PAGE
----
I have never actually played the violin, but have looked at some of the techniques online. I was curious about it because violinists seem to play with so much confidence and effortless speed.
Of course, violinists practice for years, normally under a classical teacher. It's pretty much monophonic, with fiddle players being the exception, so they don't learn a lot of different chords on the instrument. They have the advantage (but also the challenge) of using a bow which makes everlasting sustain possible.
The bow also requires special fingering techniques when playing from higher to lower notes, in that the fingers need to be placed in preparation for the notes that will be played. Similar to a pull-off on the guitar, the higher notes give way to the lower notes as the bow is drawn across the string, but no pull-off happens. They lift the higher finger to expose the lower finger, all while the bow is generating continuous sound.
After this discovery, I tried to bring some of that fingering technique into playing guitar and believe it helped in playing single notes.
I then looked into how violinists look at the fingerboard. First, the standard tuning for the four strings goes up in fifths, with the notes G D A E. That's compared to the guitar's six strings tuned up in fourths, except for the G to B string being a major third. Second, violinists are taught to play in several positions along the length of the neck. The positions overlap and help with playing in tune on the fretless fingerboard. The violin's tuning and positions give it more consistency and predictability than the guitar.
It seems like some of that consistency could be brought over to the guitar. Except for special tunings, like drop-D and in slack key guitar, the guitar's tuning is pretty well set. In its standard tuning, the major third in the midst of the fourths will continue to require a one fret adjustment when playing from one side of the B string to the other. After all, we need the closer tuning between the G and B strings to help us make chords, and there are probably other reasons why it was settled on over the years.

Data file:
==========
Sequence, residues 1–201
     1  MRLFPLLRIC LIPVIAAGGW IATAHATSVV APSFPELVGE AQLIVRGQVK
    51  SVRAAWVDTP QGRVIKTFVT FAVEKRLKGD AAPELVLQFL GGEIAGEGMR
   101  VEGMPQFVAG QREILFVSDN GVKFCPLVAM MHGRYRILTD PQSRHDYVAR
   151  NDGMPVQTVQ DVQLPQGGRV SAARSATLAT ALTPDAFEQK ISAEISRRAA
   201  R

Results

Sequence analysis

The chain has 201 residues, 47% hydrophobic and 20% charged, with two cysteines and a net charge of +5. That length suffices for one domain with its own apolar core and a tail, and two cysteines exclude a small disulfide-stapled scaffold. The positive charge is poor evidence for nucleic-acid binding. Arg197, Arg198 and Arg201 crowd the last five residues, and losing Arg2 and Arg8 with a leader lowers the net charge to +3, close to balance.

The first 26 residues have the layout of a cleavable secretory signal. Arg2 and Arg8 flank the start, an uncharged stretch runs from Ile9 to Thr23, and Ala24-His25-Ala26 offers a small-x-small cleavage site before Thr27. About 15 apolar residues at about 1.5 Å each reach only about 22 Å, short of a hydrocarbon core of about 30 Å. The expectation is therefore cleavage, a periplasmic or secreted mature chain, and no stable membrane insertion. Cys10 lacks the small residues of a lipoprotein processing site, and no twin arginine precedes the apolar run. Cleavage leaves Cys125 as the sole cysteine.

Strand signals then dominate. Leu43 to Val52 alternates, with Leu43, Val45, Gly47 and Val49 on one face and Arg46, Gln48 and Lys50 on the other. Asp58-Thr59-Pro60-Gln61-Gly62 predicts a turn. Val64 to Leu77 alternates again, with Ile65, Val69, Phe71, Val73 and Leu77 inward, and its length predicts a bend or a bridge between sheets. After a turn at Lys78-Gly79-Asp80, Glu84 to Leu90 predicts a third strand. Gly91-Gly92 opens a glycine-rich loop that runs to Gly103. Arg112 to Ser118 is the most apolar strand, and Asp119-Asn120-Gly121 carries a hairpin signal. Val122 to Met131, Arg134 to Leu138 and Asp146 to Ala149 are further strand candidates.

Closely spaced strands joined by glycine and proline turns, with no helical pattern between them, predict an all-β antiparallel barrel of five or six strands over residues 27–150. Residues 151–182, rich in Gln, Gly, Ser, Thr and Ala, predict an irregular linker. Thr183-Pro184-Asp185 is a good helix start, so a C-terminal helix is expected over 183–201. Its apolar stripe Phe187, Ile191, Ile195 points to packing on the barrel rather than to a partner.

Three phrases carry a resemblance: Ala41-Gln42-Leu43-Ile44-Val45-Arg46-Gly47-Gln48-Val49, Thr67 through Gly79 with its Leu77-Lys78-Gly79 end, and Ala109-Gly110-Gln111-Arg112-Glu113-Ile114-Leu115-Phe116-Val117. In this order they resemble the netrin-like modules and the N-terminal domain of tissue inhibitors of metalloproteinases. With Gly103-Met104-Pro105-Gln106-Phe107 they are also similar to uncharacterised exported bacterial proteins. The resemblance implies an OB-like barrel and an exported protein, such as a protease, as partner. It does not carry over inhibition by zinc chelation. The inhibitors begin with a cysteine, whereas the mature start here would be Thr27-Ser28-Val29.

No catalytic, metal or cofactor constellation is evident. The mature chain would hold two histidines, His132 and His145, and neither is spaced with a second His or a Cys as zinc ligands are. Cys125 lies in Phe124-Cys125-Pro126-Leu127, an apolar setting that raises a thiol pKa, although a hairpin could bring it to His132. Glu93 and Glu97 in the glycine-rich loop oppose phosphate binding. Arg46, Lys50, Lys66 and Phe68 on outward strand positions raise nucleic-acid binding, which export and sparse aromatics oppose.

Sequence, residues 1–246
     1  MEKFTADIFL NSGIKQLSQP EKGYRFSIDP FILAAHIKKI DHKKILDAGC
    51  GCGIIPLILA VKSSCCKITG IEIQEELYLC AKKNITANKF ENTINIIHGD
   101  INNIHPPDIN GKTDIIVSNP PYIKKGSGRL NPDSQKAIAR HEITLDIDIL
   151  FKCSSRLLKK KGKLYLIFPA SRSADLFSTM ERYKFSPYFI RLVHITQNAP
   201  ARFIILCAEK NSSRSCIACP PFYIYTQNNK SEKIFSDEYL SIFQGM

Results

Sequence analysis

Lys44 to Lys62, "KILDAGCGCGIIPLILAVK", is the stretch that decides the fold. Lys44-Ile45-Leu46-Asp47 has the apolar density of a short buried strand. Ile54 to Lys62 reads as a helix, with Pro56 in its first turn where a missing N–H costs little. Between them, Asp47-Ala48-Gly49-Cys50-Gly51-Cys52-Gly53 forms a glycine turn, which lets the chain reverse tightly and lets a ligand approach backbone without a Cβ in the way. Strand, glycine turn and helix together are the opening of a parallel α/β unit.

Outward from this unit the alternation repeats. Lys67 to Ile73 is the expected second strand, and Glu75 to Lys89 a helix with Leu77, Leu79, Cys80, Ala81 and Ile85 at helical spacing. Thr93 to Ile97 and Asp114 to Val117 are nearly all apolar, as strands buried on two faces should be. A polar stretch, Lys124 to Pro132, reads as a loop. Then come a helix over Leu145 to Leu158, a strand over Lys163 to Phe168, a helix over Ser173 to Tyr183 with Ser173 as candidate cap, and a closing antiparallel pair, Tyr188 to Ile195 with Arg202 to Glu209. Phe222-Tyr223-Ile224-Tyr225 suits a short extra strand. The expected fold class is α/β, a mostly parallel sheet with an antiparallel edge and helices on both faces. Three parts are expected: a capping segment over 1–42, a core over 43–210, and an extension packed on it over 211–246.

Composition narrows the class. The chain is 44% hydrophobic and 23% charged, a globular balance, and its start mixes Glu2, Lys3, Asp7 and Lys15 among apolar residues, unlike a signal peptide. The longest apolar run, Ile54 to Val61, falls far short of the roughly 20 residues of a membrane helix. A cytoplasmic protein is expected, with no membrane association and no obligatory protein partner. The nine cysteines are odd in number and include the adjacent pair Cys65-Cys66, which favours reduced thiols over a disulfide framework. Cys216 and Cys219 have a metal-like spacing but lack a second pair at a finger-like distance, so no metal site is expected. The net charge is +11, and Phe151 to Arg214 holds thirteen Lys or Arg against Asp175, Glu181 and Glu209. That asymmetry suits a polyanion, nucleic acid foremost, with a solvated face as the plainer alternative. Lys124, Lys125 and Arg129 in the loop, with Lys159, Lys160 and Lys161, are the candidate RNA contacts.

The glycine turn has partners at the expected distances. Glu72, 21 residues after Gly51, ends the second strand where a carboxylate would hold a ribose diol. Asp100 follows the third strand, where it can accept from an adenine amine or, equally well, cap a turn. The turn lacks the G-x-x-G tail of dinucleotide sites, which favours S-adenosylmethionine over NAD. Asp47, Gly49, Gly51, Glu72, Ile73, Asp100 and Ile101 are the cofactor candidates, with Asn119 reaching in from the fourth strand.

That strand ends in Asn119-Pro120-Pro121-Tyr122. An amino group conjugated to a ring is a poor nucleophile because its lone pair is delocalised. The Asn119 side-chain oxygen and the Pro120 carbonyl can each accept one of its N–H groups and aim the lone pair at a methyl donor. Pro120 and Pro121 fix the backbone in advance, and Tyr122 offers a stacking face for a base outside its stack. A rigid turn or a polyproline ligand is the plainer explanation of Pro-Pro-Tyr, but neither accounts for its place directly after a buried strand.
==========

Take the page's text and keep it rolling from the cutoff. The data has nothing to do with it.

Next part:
As for positions on the guitar, making chord shapes is similar to positions, but that didn't seem (at first) to help me very much with playing single notes. After finding out about CAGED, and then the scales and chords that fit in the location of the CAGED chords, the next step was putting them all together and try to show them all on one diagram.
Not that I'm trying to turn guitar playing into violin playing. The violin positions are defined locations on the fingerboard. Different keys are played by changing fingerings in the positions.
On the guitar, the positions (my name for them after being unable to come up with a better one) are clusters of fingerings that are always in the same relative location to one another. The positions are moved along the neck to play in different keys. The fingerings always remain the same on every Fretboard Positions Diagram, in every key. With all of the scales, modes, chords, and intervals that can be understood and played with the fingerings in every position, I think that's pretty amazing!
The Fretboard Positions Diagram certainly isn't the answer to everything on the guitar. I'm sure it's been a tremendous help to me.